Everyone has a purpose in this life. Sometimes I think mine may be to give medical staff something funny to talk about over break, MashaAllah.
My doctors are trying to figure out if my POTS, progressive weakness & neuropathy are caused by an underlying auto-immune disorder, which isn’t entirely unheard of. One of the way they’re doing this is through a lip biopsy.
So I went in for a lip biopsy on errr… two days ago, and the procedure was very simple. The surgeon gave me some lidocaine, then he took a pair of scissors and cut a tiny piece from the inside of my mouth. Then I wondered why they called it a lip biopsy if they didn’t take anything from my lip.
Then, he gave me three stitches and said, “All done! We’ll get back to you with the results in about a week!”
So I stood up, said thank you, and walked out.
I made it as far as the reception before I passed out. It was awesome. One second I was like Excuse me, can I pay my bill? and the next minute I was all like Floor, Y U No hold still?
I was standing in line when my ears started ringing and I noticed darkness closing in around the edge of my vision. I managed to hold on to the counter and mumble “I’m going to pass out…”
I don’t know what the receptionist said in reply, because after that was all cold, dark, and miserable. Passing out is only fun in movies. In real life, it’s feels like falling straight down into a cold, dark, nauseating chasm. When I opened my eyes I was in a bed surrounded by confused looking nurses, since they worked in the outpatient clinic, not the ER. My surgeon’s nurse was there too, and when I opened my eyes she said accusingly, “You said you were ok!”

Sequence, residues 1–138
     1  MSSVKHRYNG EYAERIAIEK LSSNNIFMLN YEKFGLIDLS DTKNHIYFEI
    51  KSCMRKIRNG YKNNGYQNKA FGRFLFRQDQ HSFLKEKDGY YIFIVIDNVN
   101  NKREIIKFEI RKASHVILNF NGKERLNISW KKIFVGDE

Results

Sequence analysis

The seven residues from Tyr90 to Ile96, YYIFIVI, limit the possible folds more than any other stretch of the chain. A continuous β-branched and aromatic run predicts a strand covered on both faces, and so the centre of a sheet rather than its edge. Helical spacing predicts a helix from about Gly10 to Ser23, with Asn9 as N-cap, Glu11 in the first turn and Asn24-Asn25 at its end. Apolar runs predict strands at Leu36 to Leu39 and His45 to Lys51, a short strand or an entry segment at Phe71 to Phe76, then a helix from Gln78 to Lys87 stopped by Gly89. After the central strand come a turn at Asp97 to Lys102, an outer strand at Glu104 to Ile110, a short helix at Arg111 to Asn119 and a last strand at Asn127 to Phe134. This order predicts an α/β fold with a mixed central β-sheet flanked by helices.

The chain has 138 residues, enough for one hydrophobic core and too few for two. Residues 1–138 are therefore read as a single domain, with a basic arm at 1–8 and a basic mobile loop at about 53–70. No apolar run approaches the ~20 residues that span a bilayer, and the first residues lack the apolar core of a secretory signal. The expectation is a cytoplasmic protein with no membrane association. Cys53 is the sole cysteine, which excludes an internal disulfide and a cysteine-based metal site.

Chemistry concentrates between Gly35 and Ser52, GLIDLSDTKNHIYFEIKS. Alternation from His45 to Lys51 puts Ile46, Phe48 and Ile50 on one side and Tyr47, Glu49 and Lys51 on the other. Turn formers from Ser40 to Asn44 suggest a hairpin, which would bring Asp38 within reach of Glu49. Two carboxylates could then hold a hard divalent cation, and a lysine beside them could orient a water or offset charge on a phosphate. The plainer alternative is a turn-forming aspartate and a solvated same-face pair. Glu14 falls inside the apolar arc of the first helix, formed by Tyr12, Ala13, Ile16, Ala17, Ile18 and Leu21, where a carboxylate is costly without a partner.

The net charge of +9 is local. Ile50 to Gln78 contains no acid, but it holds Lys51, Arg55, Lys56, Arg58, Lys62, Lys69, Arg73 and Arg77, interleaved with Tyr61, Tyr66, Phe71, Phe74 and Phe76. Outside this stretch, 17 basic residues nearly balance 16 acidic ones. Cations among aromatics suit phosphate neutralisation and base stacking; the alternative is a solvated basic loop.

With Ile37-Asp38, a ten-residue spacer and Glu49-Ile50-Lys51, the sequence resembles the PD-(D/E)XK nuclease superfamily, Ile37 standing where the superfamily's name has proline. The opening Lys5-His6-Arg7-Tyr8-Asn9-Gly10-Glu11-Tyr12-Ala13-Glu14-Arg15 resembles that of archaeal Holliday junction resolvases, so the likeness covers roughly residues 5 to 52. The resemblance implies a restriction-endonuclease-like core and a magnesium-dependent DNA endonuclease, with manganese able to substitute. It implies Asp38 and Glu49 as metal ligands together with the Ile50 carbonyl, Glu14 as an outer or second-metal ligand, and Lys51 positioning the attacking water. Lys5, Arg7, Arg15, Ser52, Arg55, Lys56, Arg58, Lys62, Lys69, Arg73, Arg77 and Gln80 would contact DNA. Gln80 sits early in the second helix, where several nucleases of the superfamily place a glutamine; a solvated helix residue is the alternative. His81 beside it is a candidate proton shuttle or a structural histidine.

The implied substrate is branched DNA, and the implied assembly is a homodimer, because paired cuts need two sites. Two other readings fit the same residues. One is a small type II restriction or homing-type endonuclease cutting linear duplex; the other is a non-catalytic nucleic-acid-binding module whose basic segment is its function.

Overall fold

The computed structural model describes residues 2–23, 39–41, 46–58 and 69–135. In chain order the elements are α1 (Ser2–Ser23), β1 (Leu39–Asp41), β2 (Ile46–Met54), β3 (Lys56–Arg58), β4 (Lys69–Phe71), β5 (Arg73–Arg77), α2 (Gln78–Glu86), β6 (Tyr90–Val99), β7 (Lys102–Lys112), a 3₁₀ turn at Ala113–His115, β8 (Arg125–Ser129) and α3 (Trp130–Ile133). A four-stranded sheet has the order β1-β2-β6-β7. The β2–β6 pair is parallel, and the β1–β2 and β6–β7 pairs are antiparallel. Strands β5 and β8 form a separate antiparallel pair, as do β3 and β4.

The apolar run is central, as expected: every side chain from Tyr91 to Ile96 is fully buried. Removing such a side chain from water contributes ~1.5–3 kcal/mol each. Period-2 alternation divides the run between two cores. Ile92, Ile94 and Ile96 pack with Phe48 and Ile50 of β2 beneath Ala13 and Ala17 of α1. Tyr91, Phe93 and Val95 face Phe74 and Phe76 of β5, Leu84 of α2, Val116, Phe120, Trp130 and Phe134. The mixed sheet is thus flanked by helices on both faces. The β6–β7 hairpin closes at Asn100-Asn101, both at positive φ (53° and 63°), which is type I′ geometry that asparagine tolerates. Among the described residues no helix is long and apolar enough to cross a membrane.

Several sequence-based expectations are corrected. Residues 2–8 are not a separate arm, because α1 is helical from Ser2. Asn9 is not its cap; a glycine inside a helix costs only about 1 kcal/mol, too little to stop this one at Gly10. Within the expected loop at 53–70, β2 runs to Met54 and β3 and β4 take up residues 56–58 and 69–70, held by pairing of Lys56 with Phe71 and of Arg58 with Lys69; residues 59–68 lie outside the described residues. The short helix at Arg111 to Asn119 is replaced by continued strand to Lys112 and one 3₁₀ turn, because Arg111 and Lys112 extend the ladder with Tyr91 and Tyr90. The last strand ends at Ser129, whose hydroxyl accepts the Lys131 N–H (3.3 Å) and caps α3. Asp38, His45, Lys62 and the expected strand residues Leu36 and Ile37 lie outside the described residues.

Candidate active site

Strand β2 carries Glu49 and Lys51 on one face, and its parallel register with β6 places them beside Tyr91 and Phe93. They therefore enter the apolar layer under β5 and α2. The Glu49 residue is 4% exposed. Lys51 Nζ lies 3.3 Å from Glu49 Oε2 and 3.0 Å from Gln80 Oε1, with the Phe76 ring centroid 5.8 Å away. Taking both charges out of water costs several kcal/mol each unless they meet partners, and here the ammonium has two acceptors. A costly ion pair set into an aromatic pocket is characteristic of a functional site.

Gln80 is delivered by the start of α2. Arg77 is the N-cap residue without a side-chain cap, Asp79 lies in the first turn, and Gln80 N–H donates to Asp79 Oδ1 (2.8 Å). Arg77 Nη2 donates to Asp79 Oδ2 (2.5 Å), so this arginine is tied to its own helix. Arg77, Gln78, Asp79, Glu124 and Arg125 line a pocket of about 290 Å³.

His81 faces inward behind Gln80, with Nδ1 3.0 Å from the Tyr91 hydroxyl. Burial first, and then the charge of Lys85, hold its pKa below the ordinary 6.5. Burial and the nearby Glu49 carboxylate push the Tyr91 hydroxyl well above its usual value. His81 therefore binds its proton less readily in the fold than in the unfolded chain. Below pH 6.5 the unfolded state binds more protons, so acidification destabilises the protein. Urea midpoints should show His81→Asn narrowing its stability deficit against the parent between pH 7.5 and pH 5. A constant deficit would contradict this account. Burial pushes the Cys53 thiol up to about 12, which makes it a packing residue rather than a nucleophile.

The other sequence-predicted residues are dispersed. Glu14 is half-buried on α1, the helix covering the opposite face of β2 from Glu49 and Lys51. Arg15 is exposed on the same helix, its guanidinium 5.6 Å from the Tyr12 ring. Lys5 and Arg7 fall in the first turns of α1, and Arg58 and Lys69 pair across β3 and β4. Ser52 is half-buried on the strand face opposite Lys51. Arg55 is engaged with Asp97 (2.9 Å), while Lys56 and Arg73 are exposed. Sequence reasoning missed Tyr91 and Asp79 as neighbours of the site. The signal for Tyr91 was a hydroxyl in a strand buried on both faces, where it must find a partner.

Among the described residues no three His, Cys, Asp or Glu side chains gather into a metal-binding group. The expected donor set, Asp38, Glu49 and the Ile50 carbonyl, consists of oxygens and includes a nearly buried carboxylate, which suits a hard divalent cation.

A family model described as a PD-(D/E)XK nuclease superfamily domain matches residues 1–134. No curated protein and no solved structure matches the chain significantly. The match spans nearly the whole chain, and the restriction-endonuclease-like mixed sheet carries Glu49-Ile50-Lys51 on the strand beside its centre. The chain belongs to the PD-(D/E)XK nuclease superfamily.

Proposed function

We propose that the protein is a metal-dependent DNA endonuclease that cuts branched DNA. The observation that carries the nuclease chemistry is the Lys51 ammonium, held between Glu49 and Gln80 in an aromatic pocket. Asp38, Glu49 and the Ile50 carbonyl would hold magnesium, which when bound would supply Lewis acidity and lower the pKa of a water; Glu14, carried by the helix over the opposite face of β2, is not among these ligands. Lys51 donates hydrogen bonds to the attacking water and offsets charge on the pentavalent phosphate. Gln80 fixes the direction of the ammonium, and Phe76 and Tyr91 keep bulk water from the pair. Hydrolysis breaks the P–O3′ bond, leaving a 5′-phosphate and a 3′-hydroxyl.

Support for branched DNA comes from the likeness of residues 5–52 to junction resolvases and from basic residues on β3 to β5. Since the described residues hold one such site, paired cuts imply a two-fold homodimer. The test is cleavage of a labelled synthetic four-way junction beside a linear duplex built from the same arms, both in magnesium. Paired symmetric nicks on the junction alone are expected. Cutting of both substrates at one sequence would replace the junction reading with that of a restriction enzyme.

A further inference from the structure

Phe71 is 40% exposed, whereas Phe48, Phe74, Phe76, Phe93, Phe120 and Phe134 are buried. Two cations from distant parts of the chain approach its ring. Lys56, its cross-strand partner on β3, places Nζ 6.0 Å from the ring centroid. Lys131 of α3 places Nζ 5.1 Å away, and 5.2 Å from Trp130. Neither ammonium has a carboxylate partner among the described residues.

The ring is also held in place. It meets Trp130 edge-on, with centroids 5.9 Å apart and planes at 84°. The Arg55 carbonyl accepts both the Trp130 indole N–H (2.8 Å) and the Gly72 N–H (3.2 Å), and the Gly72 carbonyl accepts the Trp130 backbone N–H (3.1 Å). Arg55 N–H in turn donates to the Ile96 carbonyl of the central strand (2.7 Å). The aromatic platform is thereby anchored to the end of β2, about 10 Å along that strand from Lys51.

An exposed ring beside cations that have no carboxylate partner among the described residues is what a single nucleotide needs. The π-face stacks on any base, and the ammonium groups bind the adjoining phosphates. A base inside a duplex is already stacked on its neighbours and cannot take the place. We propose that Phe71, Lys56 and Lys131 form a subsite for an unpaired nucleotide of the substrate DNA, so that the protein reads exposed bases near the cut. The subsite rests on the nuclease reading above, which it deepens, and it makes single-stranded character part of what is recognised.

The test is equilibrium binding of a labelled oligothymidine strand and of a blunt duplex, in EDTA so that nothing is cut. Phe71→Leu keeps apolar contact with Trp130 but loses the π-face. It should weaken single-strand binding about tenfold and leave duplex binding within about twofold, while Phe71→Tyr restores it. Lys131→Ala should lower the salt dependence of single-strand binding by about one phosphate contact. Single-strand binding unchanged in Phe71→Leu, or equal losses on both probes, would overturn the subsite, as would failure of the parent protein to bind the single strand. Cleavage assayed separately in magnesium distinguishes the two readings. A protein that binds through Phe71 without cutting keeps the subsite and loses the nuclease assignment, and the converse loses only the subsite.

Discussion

I apologized to her. And to the other nurses. And to my surgeon, as well as the ER doctor when they were able to wheel me down there. I’m not sure why I felt so guilty, but my fuzzy brain felt as though I had sorely inconvenienced them by passing out in the middle of the hallway- like any polite person would have gone and discretely passed out behind a potted plant so as to not disturb anyone.
I called HF, and he hopped into a taxi and brought the entire entourage to pick me up. The kids oohed and aahed at the BP and heart rate machine. Khalid and Iman tested their own blood oxygen levels repeatedly.
HF made small talk with the doctor, who was a distinguished looking African man with curly white hair and sense of humor.
“Your wife says this happens to her sometimes. It’s from the POTS. She’ll be ok.”
“I know,” HF said, shaking his head at me. “She does this just to get my attention.”
“All wives are like this,” the doctor smiled, winking at me.
We went home, had HF’s parents over for dinner, and I guess the kids were put to bed but I wouldn’t know, because I fell asleep before 8pm. And that’s my medical misadventure for this week. The End.